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Richmond v. State

Court of Appeals of Iowa

March 12, 2014

JOHN RICHMOND, Applicant-Appellant,
v.
STATE OF IOWA, Respondent-Appellee

Editorial Note:

This decision is published in table format in the North Western Reporter.

Appeal from the Iowa District Court for Linn County, Ian K. Thornhill, Judge. John Richmond appeals from the denial of his application for postconviction relief.

Christopher J. Foster of Foster Law Office, Iowa City, for appellant.

Thomas J. Miller, Attorney General, Martha E. Trout, Assistant Attorney General, Jerry Vander Sanden, County Attorney, and Robert Hruska, Assistant County Attorney, for appellee State.

Considered by Danilson, C.J., and Vaitheswaran and Potterfield, JJ.

OPINION

POTTERFIELD, J.

John Richmond appeals from the denial of his second application for postconviction relief.

Our review on appeal from the denial of postconviction relief is for errors at law. Everett v. State, 789 N.W.2d 151, 155 (Iowa 2010). However, we review constitutional issues de novo. Id.

Richmond was convicted of second-degree sexual abuse in 1997. On direct appeal, he argued that testimony from an Episcopal priest he consulted, Fr. Dick Osling, was improperly allowed at his criminal trial. See State v. Richmond, 590 N.W.2d 33, 34 (Iowa 1999). The Iowa Supreme Court rejected his claim because neither the priest-penitent privilege, see id. at 35 (" Richmond did not consult Fr. Osing in his priestly capacity" ), nor the statutory counselor-client privilege applied. See id . (noting communication with informal unlicensed counselor does not fall within the statutory privilege). His conviction was affirmed. Id.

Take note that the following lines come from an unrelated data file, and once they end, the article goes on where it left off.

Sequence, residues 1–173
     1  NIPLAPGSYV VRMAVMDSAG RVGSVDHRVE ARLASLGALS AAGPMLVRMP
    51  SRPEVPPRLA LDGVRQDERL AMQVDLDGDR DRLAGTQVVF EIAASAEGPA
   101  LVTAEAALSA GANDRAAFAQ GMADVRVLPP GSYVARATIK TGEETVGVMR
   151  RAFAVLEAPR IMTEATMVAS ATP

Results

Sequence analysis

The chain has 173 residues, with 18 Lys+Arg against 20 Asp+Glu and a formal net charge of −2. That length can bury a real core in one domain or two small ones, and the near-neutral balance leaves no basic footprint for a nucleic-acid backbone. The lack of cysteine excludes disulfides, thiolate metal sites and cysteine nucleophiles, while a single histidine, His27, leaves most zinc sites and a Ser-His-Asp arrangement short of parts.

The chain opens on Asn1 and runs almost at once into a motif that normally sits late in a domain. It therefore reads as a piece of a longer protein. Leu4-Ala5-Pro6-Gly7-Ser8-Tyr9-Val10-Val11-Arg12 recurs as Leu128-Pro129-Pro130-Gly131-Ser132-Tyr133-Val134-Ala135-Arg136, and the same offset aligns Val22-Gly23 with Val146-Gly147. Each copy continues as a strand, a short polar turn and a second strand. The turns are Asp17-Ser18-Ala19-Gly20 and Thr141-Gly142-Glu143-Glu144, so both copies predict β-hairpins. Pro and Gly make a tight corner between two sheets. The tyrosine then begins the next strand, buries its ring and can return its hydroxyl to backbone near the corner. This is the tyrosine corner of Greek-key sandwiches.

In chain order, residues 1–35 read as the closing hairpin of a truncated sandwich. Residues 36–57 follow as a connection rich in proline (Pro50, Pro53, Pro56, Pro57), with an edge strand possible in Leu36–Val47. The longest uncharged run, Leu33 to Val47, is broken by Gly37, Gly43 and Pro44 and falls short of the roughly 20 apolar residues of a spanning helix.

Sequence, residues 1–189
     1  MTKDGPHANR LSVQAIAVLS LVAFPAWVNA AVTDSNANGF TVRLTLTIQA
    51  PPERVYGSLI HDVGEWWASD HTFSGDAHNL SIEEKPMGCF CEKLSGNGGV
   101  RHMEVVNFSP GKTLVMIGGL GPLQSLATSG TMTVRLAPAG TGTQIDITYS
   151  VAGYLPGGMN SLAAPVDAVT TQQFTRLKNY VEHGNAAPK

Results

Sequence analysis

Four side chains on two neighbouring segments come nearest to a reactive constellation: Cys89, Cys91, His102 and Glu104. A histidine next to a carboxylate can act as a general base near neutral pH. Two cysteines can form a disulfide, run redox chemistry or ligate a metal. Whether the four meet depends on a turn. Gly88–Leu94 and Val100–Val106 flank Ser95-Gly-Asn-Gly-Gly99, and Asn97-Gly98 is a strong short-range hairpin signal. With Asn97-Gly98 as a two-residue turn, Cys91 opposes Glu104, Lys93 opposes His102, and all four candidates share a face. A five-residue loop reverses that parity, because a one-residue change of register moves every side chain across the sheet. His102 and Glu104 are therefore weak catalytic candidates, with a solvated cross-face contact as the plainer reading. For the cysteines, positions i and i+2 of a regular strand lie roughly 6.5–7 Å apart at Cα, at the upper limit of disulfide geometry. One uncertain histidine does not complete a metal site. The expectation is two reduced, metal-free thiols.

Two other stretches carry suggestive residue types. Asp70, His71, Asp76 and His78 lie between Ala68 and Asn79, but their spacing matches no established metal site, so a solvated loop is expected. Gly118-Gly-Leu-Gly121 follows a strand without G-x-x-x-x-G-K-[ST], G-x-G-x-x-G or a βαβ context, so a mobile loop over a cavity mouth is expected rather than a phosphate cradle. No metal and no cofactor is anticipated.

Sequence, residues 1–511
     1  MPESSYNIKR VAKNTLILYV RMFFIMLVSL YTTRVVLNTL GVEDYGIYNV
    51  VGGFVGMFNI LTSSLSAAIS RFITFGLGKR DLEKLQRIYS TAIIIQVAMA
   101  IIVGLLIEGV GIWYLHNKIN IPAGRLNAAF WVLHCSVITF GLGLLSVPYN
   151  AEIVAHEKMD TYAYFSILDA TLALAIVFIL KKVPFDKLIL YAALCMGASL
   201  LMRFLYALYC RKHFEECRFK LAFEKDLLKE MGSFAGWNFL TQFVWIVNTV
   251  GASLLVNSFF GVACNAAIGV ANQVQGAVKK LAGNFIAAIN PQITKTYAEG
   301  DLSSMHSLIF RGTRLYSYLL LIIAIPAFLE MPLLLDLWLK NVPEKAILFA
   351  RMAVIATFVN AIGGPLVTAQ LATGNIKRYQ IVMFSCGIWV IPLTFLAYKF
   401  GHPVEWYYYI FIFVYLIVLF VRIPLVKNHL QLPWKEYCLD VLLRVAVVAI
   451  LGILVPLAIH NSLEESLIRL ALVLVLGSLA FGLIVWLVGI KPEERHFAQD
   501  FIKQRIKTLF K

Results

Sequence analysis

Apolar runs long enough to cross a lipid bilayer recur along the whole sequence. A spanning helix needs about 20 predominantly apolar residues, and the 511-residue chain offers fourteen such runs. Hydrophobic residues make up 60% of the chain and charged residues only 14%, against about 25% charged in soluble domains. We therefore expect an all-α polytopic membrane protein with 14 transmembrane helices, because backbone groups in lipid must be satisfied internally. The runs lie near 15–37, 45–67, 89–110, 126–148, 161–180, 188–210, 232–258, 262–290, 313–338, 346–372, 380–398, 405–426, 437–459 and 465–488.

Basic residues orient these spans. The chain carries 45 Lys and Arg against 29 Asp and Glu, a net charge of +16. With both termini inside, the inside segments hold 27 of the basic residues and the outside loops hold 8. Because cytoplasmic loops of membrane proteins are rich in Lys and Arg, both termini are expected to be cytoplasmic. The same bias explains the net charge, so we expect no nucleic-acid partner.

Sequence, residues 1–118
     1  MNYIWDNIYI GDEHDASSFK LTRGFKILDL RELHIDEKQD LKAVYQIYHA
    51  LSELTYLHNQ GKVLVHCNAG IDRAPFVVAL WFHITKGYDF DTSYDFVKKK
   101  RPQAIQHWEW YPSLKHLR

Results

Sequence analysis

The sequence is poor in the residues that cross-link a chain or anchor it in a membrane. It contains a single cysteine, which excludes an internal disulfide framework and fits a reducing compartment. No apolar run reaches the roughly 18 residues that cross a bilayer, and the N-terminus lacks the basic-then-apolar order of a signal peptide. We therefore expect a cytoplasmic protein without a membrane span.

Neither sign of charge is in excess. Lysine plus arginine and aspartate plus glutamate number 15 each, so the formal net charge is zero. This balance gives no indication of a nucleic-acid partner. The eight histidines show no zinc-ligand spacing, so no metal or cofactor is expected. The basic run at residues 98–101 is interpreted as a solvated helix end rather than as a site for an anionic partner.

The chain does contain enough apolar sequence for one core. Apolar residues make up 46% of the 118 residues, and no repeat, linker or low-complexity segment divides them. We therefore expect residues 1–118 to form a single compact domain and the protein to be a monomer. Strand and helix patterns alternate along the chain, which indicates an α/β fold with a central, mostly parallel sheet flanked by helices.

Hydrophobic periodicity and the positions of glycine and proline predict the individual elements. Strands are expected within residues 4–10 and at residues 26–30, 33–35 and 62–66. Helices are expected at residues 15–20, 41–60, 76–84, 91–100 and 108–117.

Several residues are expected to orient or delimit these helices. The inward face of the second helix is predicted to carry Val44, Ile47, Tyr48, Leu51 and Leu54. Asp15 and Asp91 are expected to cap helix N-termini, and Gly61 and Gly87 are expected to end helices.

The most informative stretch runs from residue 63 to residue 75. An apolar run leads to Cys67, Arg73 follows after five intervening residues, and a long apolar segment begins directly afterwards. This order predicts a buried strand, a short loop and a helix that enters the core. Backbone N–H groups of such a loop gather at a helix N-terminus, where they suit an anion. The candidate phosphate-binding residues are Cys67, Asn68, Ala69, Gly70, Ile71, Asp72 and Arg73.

Richmond filed his first application for postconviction relief (PCR) on March 3, 2000, in which he claimed he was denied effective assistance of trial and appellate counsel in several respects. See Richmond v. State, No. 03-1457, 2004 WL 2169439 (Iowa Ct. App. Sept. 29, 2004).[1] His appeal from the denial of this first PCR application was rejected., [WL] at *3. This court noted,

Richmond's constitutional claims are premised entirely on the notion that the Richmond opinion added a new spirituality dimension to invocation of the priest-penitent privilege. We disagree. Under our reading of the Richmond opinion, the court simply determined that Richmond did not consult Fr. Osing in his professional capacity as a priest and the privilege was therefore inapplicable. Because none of the constitutional protections cited were implicated, no attorney representing Richmond in any capacity at any stage of any related proceeding was duty bound to raise the constitutional issues he now relies upon. Moreover, and for the same reasons, the trial court did not err in rejecting Richmond's claims that the supreme court's decision in Richmond was unconstitutional.

[WL] at *2. We also rejected Richmond's claims that trial counsel was ineffective in failing to object to the jury instructions, and found Richmond had failed to preserve an issue regarding the trial information., [WL] at *3.

Richmond filed this second PCR application on May 15, 2007, in which he contends his first postconviction counsel was ineffective in failing to assert additional constitutional challenges concerning the supreme court's interpretation of the priest-penitent privilege, in failing to challenge the jury instructions, and in failing to challenge ...


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